The temptation was to see him as lucky, but when you looked at it properly you realised that he was just driving so smoothly and neatly that his performances were unobtrusive but devastatingly effective.

The Hulk was just that on Sunday afternoon, keeping clear of trouble yet pushing as hard as he could, and a great fifth place gave him his best result so far with Renault. I can’t wait to see what he might be able to do as the French team hone their act in the years to come, and get to the point where the top three might become a top four.

Nico Hulkenberg (GER) Renault Sport F1 Team RS18 at Formula One World Championship, Rd11, German

6. Grosjean rehabilitates himself

Romain Grosjean has looked perilously like his 2012 bad-boy alter ego at times this year, to the point where his continued employment at Haas has been questioned by some for 2019. That’s a shame, because for a while in his Lotus days he seemed likely to score a victory when he and Kimi Raikkonen terrorised bigger teams.

So, when he got into a wobble exiting Turn 1 on the opening lap on Sunday, and started losing places after starting sixth, it looked like a familiar story. But he not only survived that, and later a rash choice to run intermediates for four laps, but came steaming back through from tenth to sixth in the final 10 laps. I liked it when he said his boys deserved a drive like that from him.

Chapeau, mon brave!

7. Force India – always there or thereabouts

My liking for Force India is well known and there are several very good reasons for it. Not least is that they are a band of dedicated racers, and they don’t get the impressive results that they do by accident.

Qualifying was a bit of a disaster for them by their usual standards, with Sergio Perez tenth and Esteban Ocon only 16th (which became 15th due to Ricciardo’s grid penalty). But as usual, when the chips were down the boys from Silverstone rose to the challenge, and to get their drivers home in decent seventh and eighth places, garnering another ten points to put themselves right behind Haas in fifth place, was very impressive.

When you talk of bang for buck, nobody does it better.

Esteban Ocon (FRA) Force India VJM11 passes a rain sign at Formula One World Championship, Rd11,

8. Ericsson and Hartley come good

Marcus Ericsson and Brendon Hartley have tended to be overshadowed by their respective team mates, Charles Leclerc and Pierre Gasly. So it was nice to see both of them in the spotlight for all the right reasons this weekend.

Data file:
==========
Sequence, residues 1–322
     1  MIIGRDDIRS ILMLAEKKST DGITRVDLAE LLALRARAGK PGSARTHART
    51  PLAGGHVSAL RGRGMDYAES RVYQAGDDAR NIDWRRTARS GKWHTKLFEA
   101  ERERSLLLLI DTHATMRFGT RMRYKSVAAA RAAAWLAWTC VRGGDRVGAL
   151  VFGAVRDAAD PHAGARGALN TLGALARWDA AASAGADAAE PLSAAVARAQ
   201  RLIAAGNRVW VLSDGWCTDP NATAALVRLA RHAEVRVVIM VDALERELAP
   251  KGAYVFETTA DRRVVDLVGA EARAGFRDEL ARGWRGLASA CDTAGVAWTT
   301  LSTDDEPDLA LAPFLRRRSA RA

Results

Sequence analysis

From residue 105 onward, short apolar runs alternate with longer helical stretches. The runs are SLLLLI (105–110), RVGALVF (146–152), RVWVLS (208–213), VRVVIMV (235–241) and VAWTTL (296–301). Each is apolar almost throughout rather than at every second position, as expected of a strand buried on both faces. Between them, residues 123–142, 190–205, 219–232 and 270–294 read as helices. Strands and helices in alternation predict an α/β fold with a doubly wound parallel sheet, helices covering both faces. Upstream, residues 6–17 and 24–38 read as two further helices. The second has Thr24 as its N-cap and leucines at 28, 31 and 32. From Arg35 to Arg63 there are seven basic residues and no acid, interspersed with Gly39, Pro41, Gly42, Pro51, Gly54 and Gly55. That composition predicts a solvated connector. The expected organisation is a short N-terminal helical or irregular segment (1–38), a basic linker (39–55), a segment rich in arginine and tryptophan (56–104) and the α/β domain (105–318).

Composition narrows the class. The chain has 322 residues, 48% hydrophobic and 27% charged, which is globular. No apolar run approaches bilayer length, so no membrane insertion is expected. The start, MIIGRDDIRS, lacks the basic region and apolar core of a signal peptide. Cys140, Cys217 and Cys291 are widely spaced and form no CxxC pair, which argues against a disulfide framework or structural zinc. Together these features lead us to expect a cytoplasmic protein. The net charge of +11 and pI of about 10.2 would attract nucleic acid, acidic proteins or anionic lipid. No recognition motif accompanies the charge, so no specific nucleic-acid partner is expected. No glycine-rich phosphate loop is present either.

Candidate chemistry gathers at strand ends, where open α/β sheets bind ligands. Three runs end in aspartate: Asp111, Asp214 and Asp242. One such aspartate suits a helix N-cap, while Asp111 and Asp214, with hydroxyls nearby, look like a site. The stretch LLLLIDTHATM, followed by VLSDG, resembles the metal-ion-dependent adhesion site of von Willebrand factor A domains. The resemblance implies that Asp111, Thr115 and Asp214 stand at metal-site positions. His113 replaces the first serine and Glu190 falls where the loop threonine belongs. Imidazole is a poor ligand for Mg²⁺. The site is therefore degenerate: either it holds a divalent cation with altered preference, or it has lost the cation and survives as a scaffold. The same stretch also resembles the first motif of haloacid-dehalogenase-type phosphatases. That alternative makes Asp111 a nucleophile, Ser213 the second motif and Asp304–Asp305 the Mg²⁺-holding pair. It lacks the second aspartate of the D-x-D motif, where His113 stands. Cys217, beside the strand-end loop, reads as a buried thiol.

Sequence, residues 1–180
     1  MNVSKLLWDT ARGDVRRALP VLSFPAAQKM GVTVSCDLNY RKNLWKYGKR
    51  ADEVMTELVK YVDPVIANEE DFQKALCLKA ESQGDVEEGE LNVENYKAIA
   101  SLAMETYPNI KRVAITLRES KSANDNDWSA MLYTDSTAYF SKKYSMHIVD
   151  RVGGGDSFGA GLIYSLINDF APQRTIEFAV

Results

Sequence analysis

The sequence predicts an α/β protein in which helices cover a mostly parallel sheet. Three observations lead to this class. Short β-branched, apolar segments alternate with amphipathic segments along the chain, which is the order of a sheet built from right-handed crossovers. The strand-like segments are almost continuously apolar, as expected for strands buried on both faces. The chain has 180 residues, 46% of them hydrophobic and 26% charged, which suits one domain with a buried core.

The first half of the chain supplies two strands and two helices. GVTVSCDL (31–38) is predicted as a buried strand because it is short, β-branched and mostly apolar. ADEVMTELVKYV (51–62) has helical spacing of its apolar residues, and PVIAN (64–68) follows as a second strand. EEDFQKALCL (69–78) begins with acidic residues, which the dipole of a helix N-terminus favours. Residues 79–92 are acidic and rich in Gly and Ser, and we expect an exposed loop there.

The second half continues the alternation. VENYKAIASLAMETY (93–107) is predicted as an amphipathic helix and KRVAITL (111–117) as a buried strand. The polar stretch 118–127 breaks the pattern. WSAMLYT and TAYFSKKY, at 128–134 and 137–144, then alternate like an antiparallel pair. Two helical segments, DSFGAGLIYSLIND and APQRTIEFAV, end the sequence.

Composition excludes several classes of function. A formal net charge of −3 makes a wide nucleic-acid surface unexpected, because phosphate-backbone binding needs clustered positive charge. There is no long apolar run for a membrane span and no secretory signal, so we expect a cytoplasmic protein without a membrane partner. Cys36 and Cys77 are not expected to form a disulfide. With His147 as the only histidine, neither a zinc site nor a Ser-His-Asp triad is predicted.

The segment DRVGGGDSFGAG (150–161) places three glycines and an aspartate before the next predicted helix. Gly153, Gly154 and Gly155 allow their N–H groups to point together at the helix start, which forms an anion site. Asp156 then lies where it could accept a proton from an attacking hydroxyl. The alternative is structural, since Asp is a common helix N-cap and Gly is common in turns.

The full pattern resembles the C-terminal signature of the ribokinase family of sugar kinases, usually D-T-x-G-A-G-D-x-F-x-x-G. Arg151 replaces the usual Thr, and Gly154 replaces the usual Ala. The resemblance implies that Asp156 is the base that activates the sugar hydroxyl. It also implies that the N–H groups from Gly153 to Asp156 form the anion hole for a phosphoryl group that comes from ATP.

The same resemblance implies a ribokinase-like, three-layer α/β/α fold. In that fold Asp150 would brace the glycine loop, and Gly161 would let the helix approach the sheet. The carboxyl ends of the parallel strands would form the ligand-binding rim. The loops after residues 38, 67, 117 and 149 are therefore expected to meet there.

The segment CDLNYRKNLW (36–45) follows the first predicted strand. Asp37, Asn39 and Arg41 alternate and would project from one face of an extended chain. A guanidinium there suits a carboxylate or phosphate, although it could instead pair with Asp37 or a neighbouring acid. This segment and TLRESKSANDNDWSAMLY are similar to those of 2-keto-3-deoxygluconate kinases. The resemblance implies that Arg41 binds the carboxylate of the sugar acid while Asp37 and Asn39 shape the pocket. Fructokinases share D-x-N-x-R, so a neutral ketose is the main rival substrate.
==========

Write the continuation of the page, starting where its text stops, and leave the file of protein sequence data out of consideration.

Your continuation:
Marcus blotted his copy book by spreading stones all over the track after spinning off in Q2 and bringing out the red flag, but made amends with a feisty race in which he was well in the mix for points in the frantic duelling at the end of the race, and deserved the two he took home.

Brendon was impressive talking on Thursday about his recent spate of nasty shunts, and showed his innate resilience with a strong run on slicks in the wet to score the final point.

It’s good to see the underdogs having their moment in the spotlight.

Marcus Ericsson (SWE) Alfa Romeo Sauber C37 at Formula One World Championship, Rd11, German Grand

9. Good to be back in Germany

In the bad old days, Hockenheim used to be a dull affair, with only sporadic overtaking if you were lucky on the entry to the stadium. The flat-out, chicane-ridden blast to the old Ostkurve may have been spectacular from the cockpit, but it rarely produced much excitement for spectators.

To my mind the current track is one of the few truncated versions of old classics that really works (Spa being another), and I really enjoyed being back. The Germans love their racing and are vocal about it, and there’s nothing wrong with passion. They also turned out in big numbers.

After a year off the calendar, they were rewarded with a thrilling Grand Prix. Let's hope it's the first of many.

Paddock entrance at Formula One World Championship, Rd11, German Grand Prix, Preparations,

10. Sensible stewarding

My heart sank when I read that Hamilton had been summoned to the stewards after the race, because he had crossed the pit lane entry line that separates it from the track.

The incident occurred on lap 53 when there was general confusion and a ‘box, box, box!’ order from Mercedes was rescinded and then reinstated with ‘in, in, in. in, in, in, in!’ And which Lewis eventually countermanded by driving over the grass to re-join the track on the basis that sometimes doing the opposite to your rivals can get the big prize.

On this occasion it certainly did, even if he then had to race Bottas, Raikkonen and Max Verstappen with ultrasofts that were, when the race restarted on lap 58, ten and 11 laps older than theirs.

Contemplating previous, similar transgressions, there was much talk in the press room of a possible five-second penalty, which would have given Bottas victory by 0.465s.

To my mind, there are plenty of races this year that Valtteri deserved to win, but he had made back 9.1s on Lewis thanks to the Safety Car, and been thrashed by him on laps 58 and 59 and fallen 2.2s behind, before he was asked to cease and desist by Mercedes. So I considered him to have been beaten before that.

For me, taking such a dramatic win away on such a small technicality would not have looked good. Fans have waited a long time for this sort of fight up front, and we’ve had a series of great races this year. So I was delighted when it was revealed that Messrs Mika Salo, Nish Schetty, Steve Stringwell and Felix Holter – the FIA Stewards in Germany – had deemed a reprimand a satisfactory punishment.

In my view that was fair and common sense – and saved a great victory.



Coming Up

Coming Up


Horner praises ‘phenomenal’ turnaround by Red Bull at the end of ‘stressful’ Imola GP